The spiteful philosophy of John Rawls
Posted by aogSunday, 16 January 2005 at 10:36 TrackBack Ping URL

Over at the Brothers Judd they’re ripping on the philosophy of John Rawls. There are so many flaws in the work it’s hard to understand why it’s been so influential, although of course given the state of modern academia it might well be popular because of the flaws.

I was introduced to it years and years ago and it never made sense to me. What struck me was the presumption of Rawls that egalitarian societies were better for the unfortunate. One can see this in Rawls’ second principle, that

social and economic inequalities are permissible only if they are to the greatest benefit of the “least advantaged” or “worst off”

Why “greatest”? If I were behind the veil of ignorance and accepting of Rawls’ basic “sense of justice”, I’d still go for societal features that had the greatest absolute benefit to the unfortunate, not the greatest relative benefit. In the Rawlsian view, the unfortunate should forgoe benefits if those benefits would be greater for the more fortunate. That’s pure spite. What rational person would refuse the offer “I’ll give you $1000 if I can give your neighbor $2000”? Yet that’s precisely what Rawls’ second principle states. It seems just a bit bogus to me to basis what is putatively a theory of justice on pure spite.

Comments — Formatting by Textile
Chris Sunday, 16 January 2005 at 18:53

Interesting point here. Relative benefit is more important than you give credit for however. If you allow the difference between the wealthiest and poorest members of society to become too great, then you risk destabilizing the society. In an absolute sense the poor in modern America live like medieval Kings. But it wasn’t the material comforts that made the difference, it was the standing in society relative to peasants that the material goods symbolized that was significant. You get riots (see watts, detroit, seattle globolization protest), crime, drug use, etc. when the difference between richest and poorest is too great. Another way to put this is just what do you mean by “absolute benefit”?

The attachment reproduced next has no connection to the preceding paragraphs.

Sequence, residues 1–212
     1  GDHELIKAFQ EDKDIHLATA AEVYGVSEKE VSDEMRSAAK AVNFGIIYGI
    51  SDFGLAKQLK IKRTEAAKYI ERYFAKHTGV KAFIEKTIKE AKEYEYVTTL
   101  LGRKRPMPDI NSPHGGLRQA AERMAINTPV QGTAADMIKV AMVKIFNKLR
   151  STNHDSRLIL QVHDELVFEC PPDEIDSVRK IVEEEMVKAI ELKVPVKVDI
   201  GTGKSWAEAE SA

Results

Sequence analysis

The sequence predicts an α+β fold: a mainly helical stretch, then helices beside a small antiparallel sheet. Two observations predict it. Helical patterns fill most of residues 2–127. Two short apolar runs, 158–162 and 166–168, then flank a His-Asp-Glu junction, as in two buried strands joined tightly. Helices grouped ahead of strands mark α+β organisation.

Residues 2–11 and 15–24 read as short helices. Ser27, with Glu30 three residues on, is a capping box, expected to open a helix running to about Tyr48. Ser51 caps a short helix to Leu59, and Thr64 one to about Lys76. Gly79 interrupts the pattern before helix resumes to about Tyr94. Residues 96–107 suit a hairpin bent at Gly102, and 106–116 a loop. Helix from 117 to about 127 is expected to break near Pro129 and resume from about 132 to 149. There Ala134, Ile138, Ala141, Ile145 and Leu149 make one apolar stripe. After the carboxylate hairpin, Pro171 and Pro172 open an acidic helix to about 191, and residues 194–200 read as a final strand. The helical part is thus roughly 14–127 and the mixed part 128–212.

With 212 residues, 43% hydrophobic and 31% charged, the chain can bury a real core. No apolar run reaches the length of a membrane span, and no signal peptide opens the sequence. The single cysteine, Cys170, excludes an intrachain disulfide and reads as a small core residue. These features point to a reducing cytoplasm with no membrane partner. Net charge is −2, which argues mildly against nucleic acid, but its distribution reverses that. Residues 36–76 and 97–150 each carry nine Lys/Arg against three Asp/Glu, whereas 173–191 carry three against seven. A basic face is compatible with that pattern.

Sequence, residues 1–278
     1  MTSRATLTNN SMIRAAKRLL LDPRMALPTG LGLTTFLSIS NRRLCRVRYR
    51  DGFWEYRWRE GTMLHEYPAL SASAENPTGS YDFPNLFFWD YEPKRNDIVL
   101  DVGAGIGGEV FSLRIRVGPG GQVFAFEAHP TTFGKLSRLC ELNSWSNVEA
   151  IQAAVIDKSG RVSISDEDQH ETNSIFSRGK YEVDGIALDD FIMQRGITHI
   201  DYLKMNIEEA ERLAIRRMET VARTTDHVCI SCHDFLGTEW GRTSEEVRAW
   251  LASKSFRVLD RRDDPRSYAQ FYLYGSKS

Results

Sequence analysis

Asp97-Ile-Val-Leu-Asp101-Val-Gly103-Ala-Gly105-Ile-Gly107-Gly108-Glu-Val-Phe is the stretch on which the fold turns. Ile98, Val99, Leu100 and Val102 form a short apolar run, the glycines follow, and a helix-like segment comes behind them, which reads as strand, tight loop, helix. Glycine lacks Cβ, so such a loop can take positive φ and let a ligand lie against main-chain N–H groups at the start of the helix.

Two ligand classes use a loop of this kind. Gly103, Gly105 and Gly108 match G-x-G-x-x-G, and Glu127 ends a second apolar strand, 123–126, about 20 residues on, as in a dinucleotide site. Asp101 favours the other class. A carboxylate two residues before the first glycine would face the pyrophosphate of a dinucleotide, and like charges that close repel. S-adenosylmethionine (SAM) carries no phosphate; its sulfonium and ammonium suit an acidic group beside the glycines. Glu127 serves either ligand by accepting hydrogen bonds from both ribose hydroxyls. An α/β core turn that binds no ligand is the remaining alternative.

Annoying Old Guy Sunday, 16 January 2005 at 23:03

I’m not sure I agree that increasing disparity destabilizes society. The riots you mention were either based on legally enforced inequality (Watts, Destroit) or were protests staged by the wealthy, not the power (the anti-globalization protests consisted primarily of the priviledged children of the upper middle class). One sees this even internationally, where Al Qaeda has far more members who are children of priviledge than people who were actually poor (Osama bin Laden was a deci-millionare several times over).

But even granting that, then minimizing wealth disparity is simple a technique to keep society running in the face of counter-productive human tendencies (look at what happened to Watts and Detroit after the riots — it was the poor who suffered by far the most from those episodes). It is hardly a basic principle.

As for absolute benefit, I mean things that raise the standard of living. Cheaper goods, higher pay, better medical care, better technology, etc. Those things that enable the poor of America to live far better than most of the wealthy on the planet.

Jeff Guinn Wednesday, 19 January 2005 at 19:59

People whose worst health problem is obesity, and whom society isn’t actively dumping on, do not aspire to destabilize said society.

Rawls, like all leftists, is essentially writing science fiction, with prescriptions entirely unsuited to the actual humans, and their nature, that inhabit this planet.

End of Discussion